Independence Day was arriving, and ironically we were trapped in this labyrinth of schedules and deadlines. A plan brewed and my lady love arrived from Mumbai on 14th. We had managed an Enfield, thanks to Himalayan Riders. Setting out at 7am from Guwahati, the plan was simple. Cross the Brahmaputra at Tezpur, ride into Majuli, cross the river back to Sivasagar, and finally ride back to Guwahati through Kaziranga. All this with only 4 days in hand.
Ruins of The Ahom Dynasty.
Inside a chamber, Rang Ghar.
There's a highway that takes you all the way to Tezpur. If you want to proceed ahead into Arunachal Pradesh (if you're visiting Itanagar, Ziro or Tawang), you need to apply for the Inner Line Permit here. We would've loved to set camp for the night in Itanagar, but we reached Tezpur late afternoon, and the permit would be issued only in the evening. We decided to instead take the road along the Assam-A.P border to Lakhimpur, the next big town. Unfortunately, it started raining when the moon came out, and the bike began slipping on the wet, gravel-filled roads. We stayed for the night in Banderdewa, a border town.
We had read about Majuli right from our school days. The world's largest riverine island, here in India, nurtured by the majestic Brahmaputra. Day 2 This day, I came to see and hereby respect the role this grand river plays in the ecosystem and lifestyle of a million-odd people living on the banks. After a less than 2 hour ride, we reached Lakhimpur, had breakfast and searched for a waypoint to get across the river to Majuli. When we reached the village and found the last ferry gone, it dawned upon us that it was Independence Day. No demand, no supply. Travelling further east and crossing at Dibrugarh was an alternate, but a far stressful option. Plus, we wouldn't get into Majuli that way. After 30 minutes and a joint, we took the risk of crossing the rapid waters on a canoe. Swimming wasn't a problem, but if the canoe capsized, I would definitely owe someone an Enfield. After a terrorising 40 mins, we reached the banks of an island adjoining Majuli. We were told the road will take us to the town, but another three water straits greeted us before we finally reached. If you're anytime planning to visit Majuli, the best option is to go to Jorhat and then take the 2 hour ferry ride to Majuli Ghat. The Jorhat ferry service was also closed that day. We booked a room in Prasanti Cottages (run by Assam Tourism) for INR 1200, and blew off steam. Don't forget to leave the island without trying some homemade rice beer.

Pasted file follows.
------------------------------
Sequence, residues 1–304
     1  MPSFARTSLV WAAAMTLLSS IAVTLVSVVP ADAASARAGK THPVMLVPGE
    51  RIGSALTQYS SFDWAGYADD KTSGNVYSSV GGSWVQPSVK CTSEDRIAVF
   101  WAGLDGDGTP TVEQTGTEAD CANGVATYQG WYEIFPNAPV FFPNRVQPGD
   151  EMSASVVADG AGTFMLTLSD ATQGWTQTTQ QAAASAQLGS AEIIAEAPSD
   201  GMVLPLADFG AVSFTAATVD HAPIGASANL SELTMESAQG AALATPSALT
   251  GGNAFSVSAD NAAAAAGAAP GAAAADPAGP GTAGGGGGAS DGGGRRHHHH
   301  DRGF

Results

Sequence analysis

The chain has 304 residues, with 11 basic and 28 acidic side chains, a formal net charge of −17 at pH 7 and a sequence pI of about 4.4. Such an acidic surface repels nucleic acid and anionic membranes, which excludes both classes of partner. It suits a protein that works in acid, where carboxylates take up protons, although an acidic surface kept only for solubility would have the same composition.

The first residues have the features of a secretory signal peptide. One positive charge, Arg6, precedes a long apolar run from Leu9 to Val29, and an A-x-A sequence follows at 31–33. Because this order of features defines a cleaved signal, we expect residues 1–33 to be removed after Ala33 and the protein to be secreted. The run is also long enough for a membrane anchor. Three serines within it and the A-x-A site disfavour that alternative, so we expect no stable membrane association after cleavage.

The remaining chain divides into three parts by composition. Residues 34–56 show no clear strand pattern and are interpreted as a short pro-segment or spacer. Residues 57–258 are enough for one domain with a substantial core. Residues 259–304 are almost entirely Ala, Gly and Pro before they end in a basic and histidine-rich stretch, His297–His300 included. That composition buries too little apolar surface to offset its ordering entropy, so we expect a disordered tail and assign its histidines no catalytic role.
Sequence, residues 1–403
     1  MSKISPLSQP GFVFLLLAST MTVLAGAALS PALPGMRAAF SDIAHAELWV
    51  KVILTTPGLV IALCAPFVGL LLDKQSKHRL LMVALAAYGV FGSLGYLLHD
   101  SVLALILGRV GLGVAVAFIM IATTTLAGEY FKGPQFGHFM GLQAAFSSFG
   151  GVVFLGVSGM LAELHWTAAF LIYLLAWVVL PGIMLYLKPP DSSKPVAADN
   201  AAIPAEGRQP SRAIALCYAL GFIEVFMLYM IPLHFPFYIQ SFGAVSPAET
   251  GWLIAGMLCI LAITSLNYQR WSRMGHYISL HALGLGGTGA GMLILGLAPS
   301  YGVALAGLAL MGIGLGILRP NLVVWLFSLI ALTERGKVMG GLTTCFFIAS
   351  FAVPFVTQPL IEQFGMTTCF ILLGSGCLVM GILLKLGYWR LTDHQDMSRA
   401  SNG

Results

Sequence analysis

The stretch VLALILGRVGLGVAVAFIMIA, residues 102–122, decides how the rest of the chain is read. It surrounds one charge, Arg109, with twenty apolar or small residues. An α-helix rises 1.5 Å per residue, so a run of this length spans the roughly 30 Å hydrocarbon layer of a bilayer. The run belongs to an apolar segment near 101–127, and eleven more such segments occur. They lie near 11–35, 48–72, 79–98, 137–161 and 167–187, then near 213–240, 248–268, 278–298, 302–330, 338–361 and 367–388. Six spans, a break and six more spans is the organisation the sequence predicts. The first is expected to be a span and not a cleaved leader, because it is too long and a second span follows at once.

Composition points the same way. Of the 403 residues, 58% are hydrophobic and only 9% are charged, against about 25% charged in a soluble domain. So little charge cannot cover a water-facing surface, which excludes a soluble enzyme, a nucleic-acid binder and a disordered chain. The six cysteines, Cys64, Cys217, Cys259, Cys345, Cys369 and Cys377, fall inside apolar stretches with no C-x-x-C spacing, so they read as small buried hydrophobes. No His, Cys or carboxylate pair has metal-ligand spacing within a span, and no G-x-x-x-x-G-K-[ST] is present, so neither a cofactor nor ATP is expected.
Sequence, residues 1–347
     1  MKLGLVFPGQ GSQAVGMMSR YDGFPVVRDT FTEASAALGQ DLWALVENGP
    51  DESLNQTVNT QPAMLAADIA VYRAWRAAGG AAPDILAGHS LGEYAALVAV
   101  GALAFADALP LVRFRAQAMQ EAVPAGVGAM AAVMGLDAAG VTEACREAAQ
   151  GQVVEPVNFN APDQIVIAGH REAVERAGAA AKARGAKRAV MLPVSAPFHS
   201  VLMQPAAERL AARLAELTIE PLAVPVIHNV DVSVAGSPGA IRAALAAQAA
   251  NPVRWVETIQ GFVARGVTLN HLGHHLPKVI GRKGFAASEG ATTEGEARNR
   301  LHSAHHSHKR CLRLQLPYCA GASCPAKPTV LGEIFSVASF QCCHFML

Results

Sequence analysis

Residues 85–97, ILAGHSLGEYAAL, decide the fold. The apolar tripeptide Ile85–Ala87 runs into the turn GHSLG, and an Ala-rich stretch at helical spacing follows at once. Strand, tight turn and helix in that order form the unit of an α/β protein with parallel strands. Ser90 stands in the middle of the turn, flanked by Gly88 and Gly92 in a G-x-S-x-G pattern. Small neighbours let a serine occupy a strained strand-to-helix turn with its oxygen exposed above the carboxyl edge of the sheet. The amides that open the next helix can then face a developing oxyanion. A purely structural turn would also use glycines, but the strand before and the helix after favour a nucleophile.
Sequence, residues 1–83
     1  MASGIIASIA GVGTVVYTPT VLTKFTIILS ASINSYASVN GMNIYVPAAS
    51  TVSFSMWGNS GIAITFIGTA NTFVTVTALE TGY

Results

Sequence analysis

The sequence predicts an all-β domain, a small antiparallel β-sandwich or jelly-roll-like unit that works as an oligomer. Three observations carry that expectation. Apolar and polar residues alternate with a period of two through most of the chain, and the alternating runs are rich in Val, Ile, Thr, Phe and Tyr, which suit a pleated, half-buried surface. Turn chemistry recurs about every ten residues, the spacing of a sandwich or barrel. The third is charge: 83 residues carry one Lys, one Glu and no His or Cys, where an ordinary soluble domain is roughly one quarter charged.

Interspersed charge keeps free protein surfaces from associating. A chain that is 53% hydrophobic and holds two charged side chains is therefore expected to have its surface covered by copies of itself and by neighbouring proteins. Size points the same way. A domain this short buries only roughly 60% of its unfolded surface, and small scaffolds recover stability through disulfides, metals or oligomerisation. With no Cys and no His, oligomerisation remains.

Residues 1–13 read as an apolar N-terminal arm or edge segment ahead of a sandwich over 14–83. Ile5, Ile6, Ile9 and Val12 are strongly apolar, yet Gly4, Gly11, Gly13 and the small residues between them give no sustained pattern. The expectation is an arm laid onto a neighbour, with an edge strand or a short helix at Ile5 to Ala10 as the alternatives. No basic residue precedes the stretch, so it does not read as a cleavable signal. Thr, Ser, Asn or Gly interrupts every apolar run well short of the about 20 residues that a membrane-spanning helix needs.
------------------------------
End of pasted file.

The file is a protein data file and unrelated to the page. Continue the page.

Majuli.. A land of shifting cultivators and animal-rearers.
Day 3 The first ferry out of Majuli to Nematighat near Jorhat is at 7am. The ride from Jorhat to Sivasagar and back is really frustrating. On a two lane road filled with potholes galore, the daily commuters, Swift cabs and trucks engage in dangerous street races. As bad the road is, this city has a special stress buster up its sleeves. Clear water tracts along the road, lush light green grass growing wild, and the perfect mix of sunlight and warmth, it relaxes you even in the midst of all bumps and traffic. The remains of the great Ahom kingdom reign intact and give this heyday town a quite grand historical flair. A very sweet pair of sisters (distant acquaintance) in Jorhat invited us into their home and treated us to a super tasty feast. With our tummy and the tank full, we proceeded towards the world-famous Kaziranga, home of the one-horned rhino.
The road alongside Kaziranga till Nagaon is one of the most beautiful stretches in the country. Elephants, tea estates, temples, tributaries.. the whole plethora of Assam just passes by in 2 hours. Assam Tourism has built a complex of beautiful lodges and guesthouses, in case you're looking for a place to stay. I didn't click a pic of the room but the 'two-bedroom house' seemed big enough to make a whole cottage. Day 4 Starting early around 7, we reached Guwahati by 12 thanks to an impeccable highway. Just in time for Yoshitha to catch her flight to Mumbai at 3. Overall, the North-East is a paradise contrary to how it's viewed pan-India. Barring a few places in Assam, the local folk in the rest of the states are the sweetest and most beautiful you'll ever meet. There are some more accounts of my explorations in and around the North-East, which I hope I'll pen down someday.